Most of us have seen examples of perceived leadership wherein people believe that individuals who came up with something cool, such as a novel product or a useful service, are actually leaders when they aren’t, not by current standards. But somehow these creative individuals are elevated to the levels of leaders.
A person may have an innovative product but without solid leadership skills, he or she isn’t winning any awards in the long-term. Just look at the likes of Conrad Parker of Zenefits and Elizabeth Holms of Theranos – they had great products but sloppy leadership which resulted in one-hit wonders.
This begs the question: What did these people have in common? They committed one or more of the following leadership mistakes.
1. Becoming an Untrustworthy Leader
Being a great leader is built on a foundation of trust. When a team leader is viewed as untrustworthy by his team members for any reason at all, he cannot be an effective leader, much less a great one. But when a leader has established trust and has maintained the confidence of his team members, he becomes a better leader, even the best leader in the eyes of his members.
Keep in mind that trust is the glue that brings and holds people together in a relationship, whether it’s a marriage or a business partnership. Without it, nearly everything about the relationship begins to suffer, and it’s true in many aspects of business relationships. Lack of trust, usually due to trust being broken, can erode everything – the morale of employees, the confidence of customers, investors and vendors, and the motivation for innovation, among others.
Tip: Build trust in your team members by saying what you mean and meaning what you say, as well as being decisive in your decisions (seesawing in your decisions is a sign of weakness and, thus, untrustworthiness).
2. Overly Focused on the Numbers
Yes, being in business is about the bottom line – income, costs, and profits as stated in dollar terms, among others. But keep in mind, too, that it isn’t just about the numbers – it’s also about the people behind the numbers, the people moving the products and delivering the services, and the people keeping the business going. Indeed, human capital is arguably the most important resource in business for without people, nothing moves in the business!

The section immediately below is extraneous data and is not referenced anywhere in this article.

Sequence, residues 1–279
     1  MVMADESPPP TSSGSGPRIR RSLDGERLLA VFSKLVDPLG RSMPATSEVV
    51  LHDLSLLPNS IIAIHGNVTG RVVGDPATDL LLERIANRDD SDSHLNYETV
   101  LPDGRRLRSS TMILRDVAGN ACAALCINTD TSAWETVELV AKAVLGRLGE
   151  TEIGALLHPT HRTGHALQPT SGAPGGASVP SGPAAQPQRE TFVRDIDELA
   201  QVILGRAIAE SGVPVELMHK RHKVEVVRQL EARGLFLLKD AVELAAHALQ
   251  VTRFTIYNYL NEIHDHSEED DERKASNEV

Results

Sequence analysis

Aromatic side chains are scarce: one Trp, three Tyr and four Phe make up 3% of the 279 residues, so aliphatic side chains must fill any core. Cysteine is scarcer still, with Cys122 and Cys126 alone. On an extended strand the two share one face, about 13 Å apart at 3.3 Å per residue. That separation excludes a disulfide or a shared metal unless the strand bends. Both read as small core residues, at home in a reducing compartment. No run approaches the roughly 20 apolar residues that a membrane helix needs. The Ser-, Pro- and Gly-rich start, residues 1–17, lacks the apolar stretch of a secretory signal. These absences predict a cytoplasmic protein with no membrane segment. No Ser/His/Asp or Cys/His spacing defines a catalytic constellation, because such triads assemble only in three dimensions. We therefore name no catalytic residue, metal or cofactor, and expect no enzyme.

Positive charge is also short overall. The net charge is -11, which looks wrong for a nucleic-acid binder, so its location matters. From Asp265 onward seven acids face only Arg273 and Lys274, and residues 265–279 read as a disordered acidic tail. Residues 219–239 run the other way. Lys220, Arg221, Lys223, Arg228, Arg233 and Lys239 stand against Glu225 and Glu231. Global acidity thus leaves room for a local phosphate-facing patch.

So, don’t just focus on the numbers. You have to appreciate the people behind the business and, in doing so, acknowledge their value to your company. You don’t have to be chummy with your team members all the time – otherwise, you’re risking the blurring of lines between personal feelings and professional demands to the detriment of your business – but it pays to know the person outside of the office.
For example, you can take the time to know their interests, milestones, and birthdays and anniversaries so there’s a personal touch. You should also look into company outings to strengthen camaraderie.
3. Being Selfish
Great leaders are humble people because they know that they couldn’t have achieved their goals without other people by their side, much less without other people’s time, talents and energy poured into their projects. But poor leaders take all the credit for the team’s achievements yet blame the team members for the failures. In short, their sense of command responsibility is either weak or non-existent.
When you give credit where credit is due, you’re not only acknowledging the valuable work of your team members but you’re also establishing your own trustworthiness. You’re giving them the opportunity to grow while also giving yourself the chance to learn from them – it’s indeed a win-win situation that you should consider.
4. Putting Team Members Down
Poor leaders don’t want others to enjoy the opportunities for personal and professional growth because they want everything to themselves. They put up so many challenges for their team members that they don’t have stand a chance from the first get-go! They see their own team as their competition and, thus, they’d rather put down their team members instead of letting them advance for the good of the team as a whole.
Don’t be the blocker! You should look at your team members as your partners in achieving your goals so providing them with the opportunities for their personal and professional growth makes sense.